Railroads In Texas Essay

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The growth of agriculture and railroads in Texas and in the United States helped form our economy today. Railroads today pass through a lot of Texas, and even in big cities like Houston or Dallas. Since there are so many farms and open farmland (especially in south and west Texas), railroads can carry the produce and livestock to their destination. James Watt invented the first steam engine in about 1769, and from then on, railroads were a must for transportation, since cars had yet to be invented. Railroads began to be built before the Civil War. It originally took about 6 months to get from the west of the US to the east, but now it only took 7 days. With railroads expanding all across the country, agriculture was affected in a mostly positive …show more content…

Austin brought the “Old 300” to Texas, they got about 4,338 acres for grazing, and 177 acres for farmland and labor. This is where the first slave-based cotton plantation came into being. The Texas’ farms were starting to be a commercial business. Small family farms were becoming more frequent, and the livestock business became popular, all between 1836 and the Civil War in 1861. Cotton production generated most of the state’s agriculture production and sales. 58,000 bales were produced in 1850, but in 1860, there were 431,000! The number of slaves grew to more than triple as well, from about 58,200 to about 182,500. The whole population of Texas tripled too. It was kind of like a ‘Texas Cotton Rush’! There were many immigrants who settled in Texas. Some of those towns are still here today, such as New Braunfels, Brenham, and Boerne. Those are German towns. Also, immigrants from the Czech Republic settled heavily in Fayette and Brazos. People from many other foreign countries settled in Texas as well. There were so many, more than half the settlers were foreign-born …show more content…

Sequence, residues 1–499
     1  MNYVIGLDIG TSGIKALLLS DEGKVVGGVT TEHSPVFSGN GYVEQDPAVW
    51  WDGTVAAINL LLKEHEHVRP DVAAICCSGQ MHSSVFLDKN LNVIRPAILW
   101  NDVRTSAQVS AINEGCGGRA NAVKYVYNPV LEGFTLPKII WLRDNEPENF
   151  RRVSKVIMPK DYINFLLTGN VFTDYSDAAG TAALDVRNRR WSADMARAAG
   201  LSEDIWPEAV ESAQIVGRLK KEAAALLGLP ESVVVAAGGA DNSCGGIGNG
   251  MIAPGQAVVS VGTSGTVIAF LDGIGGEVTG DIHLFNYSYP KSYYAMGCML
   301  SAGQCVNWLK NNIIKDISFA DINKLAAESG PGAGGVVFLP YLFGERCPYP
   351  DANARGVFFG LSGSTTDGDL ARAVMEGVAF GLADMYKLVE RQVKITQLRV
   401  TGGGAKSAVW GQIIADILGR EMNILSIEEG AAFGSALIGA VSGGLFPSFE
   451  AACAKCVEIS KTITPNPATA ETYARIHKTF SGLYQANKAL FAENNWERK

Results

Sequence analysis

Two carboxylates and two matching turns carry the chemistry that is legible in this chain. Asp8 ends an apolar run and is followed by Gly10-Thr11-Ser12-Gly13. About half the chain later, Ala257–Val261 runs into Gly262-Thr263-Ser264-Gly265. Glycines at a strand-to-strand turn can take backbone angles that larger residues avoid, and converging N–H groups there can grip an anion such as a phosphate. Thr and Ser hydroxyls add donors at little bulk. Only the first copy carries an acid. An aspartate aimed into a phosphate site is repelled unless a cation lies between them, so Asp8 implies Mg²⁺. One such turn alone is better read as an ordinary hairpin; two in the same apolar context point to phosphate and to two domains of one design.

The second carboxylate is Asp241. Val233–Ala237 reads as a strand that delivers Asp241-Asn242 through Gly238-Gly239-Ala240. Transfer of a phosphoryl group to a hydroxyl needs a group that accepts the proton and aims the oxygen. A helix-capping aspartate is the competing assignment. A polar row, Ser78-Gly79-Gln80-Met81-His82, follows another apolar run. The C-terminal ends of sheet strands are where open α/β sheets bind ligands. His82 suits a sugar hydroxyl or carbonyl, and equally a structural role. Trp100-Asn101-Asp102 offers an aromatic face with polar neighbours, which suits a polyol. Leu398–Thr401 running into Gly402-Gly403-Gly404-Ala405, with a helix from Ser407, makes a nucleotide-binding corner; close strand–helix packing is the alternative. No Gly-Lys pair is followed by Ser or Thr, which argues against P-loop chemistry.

With the remaining 20 – 60 acres, about 75% of it would be dedicated to growing cotton (since that’s where the cash would flow). Other crops could be corn, sugarcane, a cash crop like tobacco, or even herbs like rosemary or oregano. Large animals like oxen or mules would plow the land, but if the farmer had some money, he could import some high-tech (at the time) equipment. Despite the difficulty of the farm life (like having to cough up two-thirds of your profits to the landlord, having a drought, plant or animals having disease, etc.), in 1900, there were about 289,000 more farms than in 1870. One of the reasons the business of picked up so much, was because of the glorious invention of the railroad. Farming and ranching grew quickly as emphasis on commercial production and marketing expanded greatly. Wheat, sorghum, rice, hay, and dairy became important as the 19th century was nearing its end, but cotton and livestock were still the dominant in farming and

In this essay, the author

  • Explains the growth of agriculture and railroads in texas and in the united states helped form our economy today.
  • Explains how the "old 300" brought the first slave-based cotton plantation to texas. cotton production generated most of the state's agriculture production and sales.
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